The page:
It turns out that greed may not be so good after all. Even Gordon Gekko seems to be coming around.
On Monday, the National Academy of Sciences published the results of a series of studies conducted by psychologists from the University of California, Berkeley and the University of Toronto that found what many of us already knew: Greed is in fact quite bad, and those most likely to celebrate it find it easier to lie, cheat and, yes—even take candy from a baby—than the less materially driven among us.
The researchers—who were led by a Berkeley doctoral candidate named Paul Piff—conducted seven individual experiments in an effort to determine what effect, if any, social status has on ethical behavior. Piff and his colleagues used a standard gauge of socioeconomic status based on wealth, occupational prestige and education to show, among other things, that people from higher income groups are far more likely to drive aggressively, cheat at games of chance, behave underhandedly in business negotiations, and, when given the opportunity, take things that don’t belong to them.
In one experiment, participants were invited to help themselves to a jar of individually wrapped candy destined for children in an adjacent lab; those who were identified as upper class took roughly twice as much candy as their lower-status counterparts.
The researchers have a few theories about what’s going on. For one thing, wealthy people simply have an easier time getting away with things. They enjoy comparatively higher levels of privacy than those lower down on the social strata, which means there are fewer prying eyes around to scrutinize their behavior. On top of that, the rich have more and better resources for dealing with the fallout when they do get caught, which ultimately serves to mute the consequences of bad behavior. (When it looked like Dominique Strauss-Kahn could get in real trouble for playing touchy-feely with a hotel maid, he was able to call high-profile, New York attorney Benjamin Brafman to the rescue. Question: What if, instead of a dignitary, Strauss-Kahn had been a bellhop? Answer: He’d probably still be in jail.)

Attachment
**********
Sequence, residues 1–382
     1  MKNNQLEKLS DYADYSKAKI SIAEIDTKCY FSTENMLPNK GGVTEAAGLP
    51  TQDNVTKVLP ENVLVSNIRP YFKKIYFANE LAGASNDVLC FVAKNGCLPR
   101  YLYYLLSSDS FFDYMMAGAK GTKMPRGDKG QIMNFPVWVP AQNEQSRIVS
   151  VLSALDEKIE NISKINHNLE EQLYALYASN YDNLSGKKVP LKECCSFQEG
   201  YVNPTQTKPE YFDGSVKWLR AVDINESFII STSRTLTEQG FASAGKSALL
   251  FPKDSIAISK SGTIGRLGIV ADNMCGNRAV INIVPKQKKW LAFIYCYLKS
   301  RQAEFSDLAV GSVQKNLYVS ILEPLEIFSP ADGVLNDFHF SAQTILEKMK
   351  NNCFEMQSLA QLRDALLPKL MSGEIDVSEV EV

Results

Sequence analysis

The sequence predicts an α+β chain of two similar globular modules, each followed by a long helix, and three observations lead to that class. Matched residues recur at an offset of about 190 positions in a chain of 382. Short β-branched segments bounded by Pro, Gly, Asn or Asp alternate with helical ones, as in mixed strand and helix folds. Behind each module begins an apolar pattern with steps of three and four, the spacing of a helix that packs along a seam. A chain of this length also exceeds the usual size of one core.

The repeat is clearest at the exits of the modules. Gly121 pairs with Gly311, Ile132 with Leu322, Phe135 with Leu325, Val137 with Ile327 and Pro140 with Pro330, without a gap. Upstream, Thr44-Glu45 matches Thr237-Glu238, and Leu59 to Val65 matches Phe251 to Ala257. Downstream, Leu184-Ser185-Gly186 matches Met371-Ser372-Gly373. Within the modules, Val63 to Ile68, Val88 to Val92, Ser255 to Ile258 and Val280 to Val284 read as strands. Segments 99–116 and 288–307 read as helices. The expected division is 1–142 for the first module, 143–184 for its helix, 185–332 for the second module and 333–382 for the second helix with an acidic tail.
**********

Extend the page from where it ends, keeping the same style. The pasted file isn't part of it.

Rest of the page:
But is simply being able to get away with unethical behavior temptation enough to engage in it? Piff doesn’t think so. When I asked him to elaborate on his findings, the researcher—who’s written dozens of articles and papers on how social class influences everything from sense of humor to charitable giving—said people from society’s upper classes share a common “psychological experience” defined by self-interest that leads to feelings of entitlement and exclusivity. In other words, not only are the rich and powerful more inclined to selfishness, but on a subconscious level, they actually believe they deserve more, even if they have to break a few rules to get it.
“I think that, in general, as a person’s station in society increases, that is, as their position in the socioeconomic hierarchy increases, their self-focused tendencies also increase,” said Piff. “The more wealth and status a person has, the more likely they are to see themselves as deserving of that status, perhaps even entitled, independent of others, powerful, and so forth.”